Blue-Green Algae Can Help Astronauts Survive on Mars
With the deadlines for the first human mission on Mars approaching, the scientists are running experiments to get the red planet as hospitable as possible for human settlement. A new experiment, published in Frontiers in Microbiology, by researchers from the University of Bremen, Germany has shown for the first time that Anabaena cyanobacteria, aka blue-green algae, can be successfully grown in Martian atmospheric conditions.
Astronauts on Mars will need oxygen, water, food, and other consumables so this is a significant development since it makes it much easier to develop sustainable biological life support systems.
Surviving on Mars
To give some background information, it is believed that a cyanobacteria boom that took place 2.4 billion years ago was largely responsible for Earth's breathable atmosphere. The presence of cyanobacteria gave the atmosphere its oxygen. For this reason, scientists were already considering if and how we could harness cyanobacteria's ability to make oxygen in order to live on Mars and, possibly, on other planets.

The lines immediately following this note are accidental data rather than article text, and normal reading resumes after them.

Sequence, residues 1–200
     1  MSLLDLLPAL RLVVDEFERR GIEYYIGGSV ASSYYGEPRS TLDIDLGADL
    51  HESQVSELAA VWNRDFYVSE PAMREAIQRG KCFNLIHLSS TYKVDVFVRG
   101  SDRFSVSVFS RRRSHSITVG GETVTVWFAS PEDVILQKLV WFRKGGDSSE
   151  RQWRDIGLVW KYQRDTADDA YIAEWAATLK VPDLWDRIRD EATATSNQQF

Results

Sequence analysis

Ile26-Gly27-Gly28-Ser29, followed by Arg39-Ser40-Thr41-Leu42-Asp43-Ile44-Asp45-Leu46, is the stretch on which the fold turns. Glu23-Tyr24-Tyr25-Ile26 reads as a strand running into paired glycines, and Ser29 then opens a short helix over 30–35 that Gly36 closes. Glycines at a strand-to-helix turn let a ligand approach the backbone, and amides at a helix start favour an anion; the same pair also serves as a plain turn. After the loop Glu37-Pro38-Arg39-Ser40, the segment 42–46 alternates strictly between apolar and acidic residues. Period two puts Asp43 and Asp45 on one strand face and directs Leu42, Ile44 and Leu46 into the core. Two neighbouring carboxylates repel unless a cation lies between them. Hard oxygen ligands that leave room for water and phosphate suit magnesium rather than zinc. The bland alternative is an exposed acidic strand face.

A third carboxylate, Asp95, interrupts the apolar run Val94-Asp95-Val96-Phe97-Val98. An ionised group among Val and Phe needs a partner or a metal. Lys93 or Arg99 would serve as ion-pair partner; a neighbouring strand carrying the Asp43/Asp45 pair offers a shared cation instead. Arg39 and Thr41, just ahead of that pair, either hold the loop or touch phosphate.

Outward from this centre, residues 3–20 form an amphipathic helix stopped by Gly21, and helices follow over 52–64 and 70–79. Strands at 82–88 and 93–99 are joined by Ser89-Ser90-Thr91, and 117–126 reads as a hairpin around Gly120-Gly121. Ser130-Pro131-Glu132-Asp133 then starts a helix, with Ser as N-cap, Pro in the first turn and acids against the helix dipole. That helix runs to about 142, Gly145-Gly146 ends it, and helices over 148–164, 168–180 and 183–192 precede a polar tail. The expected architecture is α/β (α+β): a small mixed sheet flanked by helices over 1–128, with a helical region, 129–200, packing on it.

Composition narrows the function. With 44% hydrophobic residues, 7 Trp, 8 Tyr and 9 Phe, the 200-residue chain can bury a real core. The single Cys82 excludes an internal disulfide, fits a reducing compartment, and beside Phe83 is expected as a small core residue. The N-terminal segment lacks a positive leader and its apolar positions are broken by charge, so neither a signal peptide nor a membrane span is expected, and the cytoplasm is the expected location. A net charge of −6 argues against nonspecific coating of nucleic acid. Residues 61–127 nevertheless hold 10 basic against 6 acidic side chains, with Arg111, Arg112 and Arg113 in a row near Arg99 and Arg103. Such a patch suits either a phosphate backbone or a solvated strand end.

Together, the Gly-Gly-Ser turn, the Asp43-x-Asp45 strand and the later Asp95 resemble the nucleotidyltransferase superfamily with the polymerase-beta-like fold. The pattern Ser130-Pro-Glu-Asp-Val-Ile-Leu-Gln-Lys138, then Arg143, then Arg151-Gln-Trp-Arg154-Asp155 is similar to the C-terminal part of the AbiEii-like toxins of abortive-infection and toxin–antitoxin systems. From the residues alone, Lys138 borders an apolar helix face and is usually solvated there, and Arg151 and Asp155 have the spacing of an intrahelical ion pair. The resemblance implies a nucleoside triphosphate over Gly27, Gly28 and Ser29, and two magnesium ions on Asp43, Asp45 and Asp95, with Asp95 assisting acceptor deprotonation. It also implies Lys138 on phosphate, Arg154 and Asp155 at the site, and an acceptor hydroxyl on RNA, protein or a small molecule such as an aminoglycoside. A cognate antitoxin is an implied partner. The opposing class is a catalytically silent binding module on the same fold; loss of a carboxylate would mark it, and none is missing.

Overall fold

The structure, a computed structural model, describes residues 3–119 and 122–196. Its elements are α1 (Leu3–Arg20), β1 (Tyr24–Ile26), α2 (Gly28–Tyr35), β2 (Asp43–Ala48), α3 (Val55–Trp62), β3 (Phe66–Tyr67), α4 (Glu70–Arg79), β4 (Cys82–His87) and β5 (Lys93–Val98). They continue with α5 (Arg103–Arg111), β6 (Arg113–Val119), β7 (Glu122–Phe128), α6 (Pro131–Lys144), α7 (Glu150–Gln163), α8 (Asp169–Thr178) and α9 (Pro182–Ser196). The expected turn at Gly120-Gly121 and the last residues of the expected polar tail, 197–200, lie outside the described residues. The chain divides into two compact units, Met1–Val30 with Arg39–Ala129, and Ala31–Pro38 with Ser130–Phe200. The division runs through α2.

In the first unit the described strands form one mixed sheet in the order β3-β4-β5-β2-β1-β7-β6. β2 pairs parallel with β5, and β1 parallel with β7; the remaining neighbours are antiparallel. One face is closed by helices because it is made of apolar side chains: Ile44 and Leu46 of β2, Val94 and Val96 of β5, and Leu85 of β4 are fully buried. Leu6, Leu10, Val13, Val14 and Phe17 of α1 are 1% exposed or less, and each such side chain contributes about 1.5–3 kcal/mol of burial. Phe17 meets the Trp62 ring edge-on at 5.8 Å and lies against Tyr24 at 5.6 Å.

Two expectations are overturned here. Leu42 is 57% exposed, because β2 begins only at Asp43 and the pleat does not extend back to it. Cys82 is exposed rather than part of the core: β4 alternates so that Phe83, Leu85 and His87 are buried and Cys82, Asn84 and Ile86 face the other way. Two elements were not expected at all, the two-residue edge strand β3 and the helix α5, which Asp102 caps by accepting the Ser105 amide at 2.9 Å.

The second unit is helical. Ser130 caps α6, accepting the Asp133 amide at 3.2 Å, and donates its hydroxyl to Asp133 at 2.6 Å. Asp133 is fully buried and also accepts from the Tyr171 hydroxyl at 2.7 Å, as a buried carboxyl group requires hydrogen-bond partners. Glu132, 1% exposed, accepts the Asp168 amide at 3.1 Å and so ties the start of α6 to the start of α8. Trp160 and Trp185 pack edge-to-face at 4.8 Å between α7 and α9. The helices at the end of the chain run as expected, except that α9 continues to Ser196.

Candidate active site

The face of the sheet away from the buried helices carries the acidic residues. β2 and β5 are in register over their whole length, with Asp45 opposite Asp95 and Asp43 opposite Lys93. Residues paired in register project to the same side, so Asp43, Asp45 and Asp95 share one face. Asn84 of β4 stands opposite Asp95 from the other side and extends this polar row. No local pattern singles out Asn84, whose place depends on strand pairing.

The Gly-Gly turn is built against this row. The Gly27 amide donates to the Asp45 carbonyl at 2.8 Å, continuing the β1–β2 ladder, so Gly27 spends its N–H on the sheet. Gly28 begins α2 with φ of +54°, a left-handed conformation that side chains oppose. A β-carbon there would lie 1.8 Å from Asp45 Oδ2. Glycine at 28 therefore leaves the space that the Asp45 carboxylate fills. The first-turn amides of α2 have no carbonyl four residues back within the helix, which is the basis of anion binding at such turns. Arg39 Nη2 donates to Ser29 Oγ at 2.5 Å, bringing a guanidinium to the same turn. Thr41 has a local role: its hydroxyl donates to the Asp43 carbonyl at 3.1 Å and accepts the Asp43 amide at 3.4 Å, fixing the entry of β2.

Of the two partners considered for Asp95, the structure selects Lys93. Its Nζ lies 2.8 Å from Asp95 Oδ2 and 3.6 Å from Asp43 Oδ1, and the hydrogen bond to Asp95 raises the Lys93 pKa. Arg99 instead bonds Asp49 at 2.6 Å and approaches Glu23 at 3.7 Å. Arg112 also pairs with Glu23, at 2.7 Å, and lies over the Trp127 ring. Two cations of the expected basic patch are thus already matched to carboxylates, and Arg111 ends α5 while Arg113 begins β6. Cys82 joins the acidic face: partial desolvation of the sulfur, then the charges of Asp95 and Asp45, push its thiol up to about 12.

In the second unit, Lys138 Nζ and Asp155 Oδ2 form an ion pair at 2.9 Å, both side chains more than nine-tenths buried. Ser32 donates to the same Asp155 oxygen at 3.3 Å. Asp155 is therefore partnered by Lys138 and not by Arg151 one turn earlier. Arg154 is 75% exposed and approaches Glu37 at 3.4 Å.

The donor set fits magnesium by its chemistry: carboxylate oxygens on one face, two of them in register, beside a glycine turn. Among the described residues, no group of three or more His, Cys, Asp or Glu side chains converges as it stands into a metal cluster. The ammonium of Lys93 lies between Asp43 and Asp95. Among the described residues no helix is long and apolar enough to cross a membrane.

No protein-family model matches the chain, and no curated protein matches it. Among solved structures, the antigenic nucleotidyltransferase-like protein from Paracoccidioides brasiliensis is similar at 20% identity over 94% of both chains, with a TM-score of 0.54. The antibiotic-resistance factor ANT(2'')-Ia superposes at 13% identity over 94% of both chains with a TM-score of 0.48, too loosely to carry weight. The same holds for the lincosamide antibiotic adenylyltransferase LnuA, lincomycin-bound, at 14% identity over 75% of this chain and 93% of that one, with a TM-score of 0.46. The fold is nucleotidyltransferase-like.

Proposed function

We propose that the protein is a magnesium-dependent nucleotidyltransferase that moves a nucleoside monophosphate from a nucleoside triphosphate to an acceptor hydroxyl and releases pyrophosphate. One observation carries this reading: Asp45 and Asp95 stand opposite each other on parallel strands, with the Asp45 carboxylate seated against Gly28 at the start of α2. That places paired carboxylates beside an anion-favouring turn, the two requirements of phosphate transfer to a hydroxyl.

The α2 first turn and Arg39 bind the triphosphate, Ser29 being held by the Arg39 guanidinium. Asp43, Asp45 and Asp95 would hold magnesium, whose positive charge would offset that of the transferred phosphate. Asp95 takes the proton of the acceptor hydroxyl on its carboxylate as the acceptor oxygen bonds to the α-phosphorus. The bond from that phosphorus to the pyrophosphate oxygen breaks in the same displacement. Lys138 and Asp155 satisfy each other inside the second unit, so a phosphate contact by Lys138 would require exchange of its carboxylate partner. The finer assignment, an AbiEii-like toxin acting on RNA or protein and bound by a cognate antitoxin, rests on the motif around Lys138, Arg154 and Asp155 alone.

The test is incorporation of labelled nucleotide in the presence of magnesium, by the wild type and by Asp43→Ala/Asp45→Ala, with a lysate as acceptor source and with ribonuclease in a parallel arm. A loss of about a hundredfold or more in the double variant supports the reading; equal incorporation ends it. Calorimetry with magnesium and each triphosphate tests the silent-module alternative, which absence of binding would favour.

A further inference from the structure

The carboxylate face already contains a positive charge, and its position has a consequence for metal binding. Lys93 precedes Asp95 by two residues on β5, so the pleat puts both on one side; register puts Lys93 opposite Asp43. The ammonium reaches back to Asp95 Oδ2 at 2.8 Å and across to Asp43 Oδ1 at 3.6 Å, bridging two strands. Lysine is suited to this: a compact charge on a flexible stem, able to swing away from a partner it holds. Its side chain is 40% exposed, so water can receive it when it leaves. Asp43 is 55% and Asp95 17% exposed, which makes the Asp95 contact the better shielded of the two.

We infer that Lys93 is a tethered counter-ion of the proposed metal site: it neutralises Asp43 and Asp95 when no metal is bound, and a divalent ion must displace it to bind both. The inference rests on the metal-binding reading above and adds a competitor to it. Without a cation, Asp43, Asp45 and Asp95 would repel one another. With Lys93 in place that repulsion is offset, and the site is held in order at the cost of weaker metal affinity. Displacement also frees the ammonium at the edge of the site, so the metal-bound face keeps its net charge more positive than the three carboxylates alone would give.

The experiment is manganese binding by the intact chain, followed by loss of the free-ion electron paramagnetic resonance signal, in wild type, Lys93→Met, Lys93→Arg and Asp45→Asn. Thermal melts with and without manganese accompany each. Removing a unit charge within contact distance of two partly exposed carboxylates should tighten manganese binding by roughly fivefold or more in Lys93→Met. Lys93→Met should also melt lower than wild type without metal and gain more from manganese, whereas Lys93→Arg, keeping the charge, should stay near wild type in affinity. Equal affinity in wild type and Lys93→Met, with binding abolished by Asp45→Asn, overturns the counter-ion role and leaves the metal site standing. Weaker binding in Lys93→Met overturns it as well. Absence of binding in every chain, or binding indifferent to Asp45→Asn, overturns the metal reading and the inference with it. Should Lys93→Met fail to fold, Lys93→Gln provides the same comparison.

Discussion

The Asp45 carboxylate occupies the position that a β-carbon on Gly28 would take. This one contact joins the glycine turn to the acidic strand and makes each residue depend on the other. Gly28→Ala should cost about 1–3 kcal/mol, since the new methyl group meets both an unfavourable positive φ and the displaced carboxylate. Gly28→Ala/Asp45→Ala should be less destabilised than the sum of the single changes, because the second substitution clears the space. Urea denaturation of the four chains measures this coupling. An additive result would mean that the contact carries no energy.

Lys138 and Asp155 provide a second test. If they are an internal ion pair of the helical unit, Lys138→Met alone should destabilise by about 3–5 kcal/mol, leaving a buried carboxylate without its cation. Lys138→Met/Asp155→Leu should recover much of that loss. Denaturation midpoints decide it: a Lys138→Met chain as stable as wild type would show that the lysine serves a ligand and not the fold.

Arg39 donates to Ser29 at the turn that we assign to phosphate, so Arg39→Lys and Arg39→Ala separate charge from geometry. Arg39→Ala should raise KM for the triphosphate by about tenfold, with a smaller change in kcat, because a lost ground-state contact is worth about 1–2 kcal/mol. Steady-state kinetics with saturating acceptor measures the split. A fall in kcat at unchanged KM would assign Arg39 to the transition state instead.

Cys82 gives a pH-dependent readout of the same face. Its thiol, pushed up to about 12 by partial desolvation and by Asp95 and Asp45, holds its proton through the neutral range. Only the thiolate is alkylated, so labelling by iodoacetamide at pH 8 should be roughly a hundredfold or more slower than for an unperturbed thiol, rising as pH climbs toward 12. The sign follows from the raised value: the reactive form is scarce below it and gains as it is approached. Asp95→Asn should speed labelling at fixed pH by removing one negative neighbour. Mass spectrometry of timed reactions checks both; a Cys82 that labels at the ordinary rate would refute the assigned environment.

However, Mars' atmospheric pressure always presented itself as a setback. In this experiment, the researchers developed a bioreactor called Atmos. It has an atmospheric pressure of around 10 percent of that of Earth and uses only the ingredients that can be found on Mars.
The bioreactor also had water, which can be collected from Mars' frozen ice that is abundant in certain places. Moreover, it had a Martian regolith simulant, which the researchers prepared by mixing minerals that can be found on Mars.
The system which had nine glass-and-steel vessels was carefully controlled and monitored at all times.
"Here we show that cyanobacteria can use gases available in the Martian atmosphere, at a low total pressure, as their source of carbon and nitrogen," said astrobiologist Cyprien Verseux.
"Under these conditions, cyanobacteria kept their ability to grow in water containing only Mars-like dust and could still be used for feeding other microbes. This could help make long-term missions to Mars sustainable."
The team now wants to work on developing a bioreactor system that may make life on Mars possible one day.
"Our bioreactor, Atmos, is not the cultivation system we would use on Mars: it is meant to test, on Earth, the conditions we would provide there," Verseux said. "But our results will help guide the design of a Martian cultivation system... We want to go from this proof-of-concept to a system that can be used on Mars efficiently."